Enemies: A History of the FBI (29 page)

Kim Philby introduced himself to the leading lights at the CIA and the Pentagon. They read him into their most secret operations. Philby learned of the CIA’s plans to parachute Russian and Eastern European émigrés and refugees behind the Iron Curtain to serve as spies, saboteurs, and shock troops against the Soviet Union and its satellites. His foreknowledge doomed those operations and ensured the death or capture of the CIA’s recruited foreign agents. He learned all about the counterintelligence work of the FBI and the British in Venona. His reporting kept the KGB informed on the American assault on the Soviet cipher system, the fate of Klaus Fuchs, and the threat to the American members of the atom spy ring.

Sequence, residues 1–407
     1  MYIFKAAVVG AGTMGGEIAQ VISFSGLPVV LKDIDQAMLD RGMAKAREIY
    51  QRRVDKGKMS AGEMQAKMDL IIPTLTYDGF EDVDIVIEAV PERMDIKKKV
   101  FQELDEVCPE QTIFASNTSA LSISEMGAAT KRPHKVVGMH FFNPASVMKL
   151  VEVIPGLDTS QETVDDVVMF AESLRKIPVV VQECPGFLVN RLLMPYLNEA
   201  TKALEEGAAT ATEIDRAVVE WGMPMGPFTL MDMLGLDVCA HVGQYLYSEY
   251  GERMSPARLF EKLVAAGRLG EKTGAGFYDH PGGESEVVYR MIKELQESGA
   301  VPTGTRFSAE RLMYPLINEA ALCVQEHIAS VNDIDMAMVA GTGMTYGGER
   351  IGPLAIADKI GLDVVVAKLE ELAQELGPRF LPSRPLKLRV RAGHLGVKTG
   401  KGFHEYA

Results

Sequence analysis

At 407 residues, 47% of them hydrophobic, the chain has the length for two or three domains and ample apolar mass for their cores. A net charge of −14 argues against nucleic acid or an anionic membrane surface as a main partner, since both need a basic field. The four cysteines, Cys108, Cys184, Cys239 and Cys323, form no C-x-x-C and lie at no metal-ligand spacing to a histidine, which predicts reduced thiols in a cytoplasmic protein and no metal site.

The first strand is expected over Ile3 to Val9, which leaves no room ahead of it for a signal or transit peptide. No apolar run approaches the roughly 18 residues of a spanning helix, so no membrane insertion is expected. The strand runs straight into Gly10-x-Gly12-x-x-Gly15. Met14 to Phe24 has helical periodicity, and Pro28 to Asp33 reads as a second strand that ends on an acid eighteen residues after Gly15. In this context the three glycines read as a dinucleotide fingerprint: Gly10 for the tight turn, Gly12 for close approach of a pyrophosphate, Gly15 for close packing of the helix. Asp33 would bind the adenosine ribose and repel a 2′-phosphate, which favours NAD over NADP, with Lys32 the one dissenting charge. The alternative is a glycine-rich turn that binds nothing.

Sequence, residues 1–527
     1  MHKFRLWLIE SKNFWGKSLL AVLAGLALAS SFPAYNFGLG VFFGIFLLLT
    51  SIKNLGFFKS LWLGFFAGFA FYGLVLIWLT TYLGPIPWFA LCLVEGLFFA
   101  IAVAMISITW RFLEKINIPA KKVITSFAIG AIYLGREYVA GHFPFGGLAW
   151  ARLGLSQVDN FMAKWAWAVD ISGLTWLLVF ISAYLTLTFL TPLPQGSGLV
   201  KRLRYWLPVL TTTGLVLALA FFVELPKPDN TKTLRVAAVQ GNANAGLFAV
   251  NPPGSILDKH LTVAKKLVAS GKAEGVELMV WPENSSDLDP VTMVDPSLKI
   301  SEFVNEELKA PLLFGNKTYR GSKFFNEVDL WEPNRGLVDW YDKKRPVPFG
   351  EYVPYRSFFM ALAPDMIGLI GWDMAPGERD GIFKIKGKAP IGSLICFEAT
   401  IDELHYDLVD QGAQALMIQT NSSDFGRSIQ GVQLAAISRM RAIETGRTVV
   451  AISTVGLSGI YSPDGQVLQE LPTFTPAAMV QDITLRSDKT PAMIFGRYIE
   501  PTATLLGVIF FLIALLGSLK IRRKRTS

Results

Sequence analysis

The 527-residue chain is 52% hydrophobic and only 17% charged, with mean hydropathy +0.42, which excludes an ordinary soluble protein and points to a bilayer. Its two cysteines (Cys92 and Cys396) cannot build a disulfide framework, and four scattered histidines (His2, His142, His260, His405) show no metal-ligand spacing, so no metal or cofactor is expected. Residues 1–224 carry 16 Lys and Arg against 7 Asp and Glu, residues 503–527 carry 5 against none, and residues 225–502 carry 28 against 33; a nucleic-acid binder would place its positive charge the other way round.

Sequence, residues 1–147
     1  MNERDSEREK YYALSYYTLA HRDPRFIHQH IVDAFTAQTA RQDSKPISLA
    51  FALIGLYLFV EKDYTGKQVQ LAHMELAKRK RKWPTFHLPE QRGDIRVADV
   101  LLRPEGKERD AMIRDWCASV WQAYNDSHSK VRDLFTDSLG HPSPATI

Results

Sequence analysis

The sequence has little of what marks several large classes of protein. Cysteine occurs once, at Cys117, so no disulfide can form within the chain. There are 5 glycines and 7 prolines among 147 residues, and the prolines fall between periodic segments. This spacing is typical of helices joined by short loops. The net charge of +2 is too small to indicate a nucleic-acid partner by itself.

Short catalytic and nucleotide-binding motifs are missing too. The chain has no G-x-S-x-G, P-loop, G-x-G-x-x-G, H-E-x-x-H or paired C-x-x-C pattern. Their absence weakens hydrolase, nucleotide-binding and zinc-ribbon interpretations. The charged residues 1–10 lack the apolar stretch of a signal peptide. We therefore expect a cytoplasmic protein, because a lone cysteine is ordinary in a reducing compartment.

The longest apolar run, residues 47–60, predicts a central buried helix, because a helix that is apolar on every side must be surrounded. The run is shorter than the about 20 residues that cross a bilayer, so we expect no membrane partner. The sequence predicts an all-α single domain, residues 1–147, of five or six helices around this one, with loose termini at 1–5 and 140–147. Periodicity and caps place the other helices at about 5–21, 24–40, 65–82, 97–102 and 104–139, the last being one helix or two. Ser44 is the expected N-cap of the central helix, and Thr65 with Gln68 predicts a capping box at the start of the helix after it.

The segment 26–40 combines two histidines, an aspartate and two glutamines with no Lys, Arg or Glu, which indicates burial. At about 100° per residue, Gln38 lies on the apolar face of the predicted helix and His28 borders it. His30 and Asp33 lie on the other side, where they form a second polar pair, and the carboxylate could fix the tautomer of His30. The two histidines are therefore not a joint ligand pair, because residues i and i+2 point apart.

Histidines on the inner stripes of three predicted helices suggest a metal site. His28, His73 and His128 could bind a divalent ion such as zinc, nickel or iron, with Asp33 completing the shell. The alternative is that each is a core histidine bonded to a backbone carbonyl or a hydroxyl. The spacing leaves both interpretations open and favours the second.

Philby moved freely through the corridors of the Pentagon, an institution still in a state of upheaval six months after the suicide of Secretary of Defense James Forrestal, who had suffered a psychotic breakdown and jumped from his high window at the Bethesda Naval Hospital. Forrestal had been Hoover’s strongest ally in the government of the United States. His death contributed to Hoover’s deepening despair over American intelligence and its ability to meet the growing Soviet threat.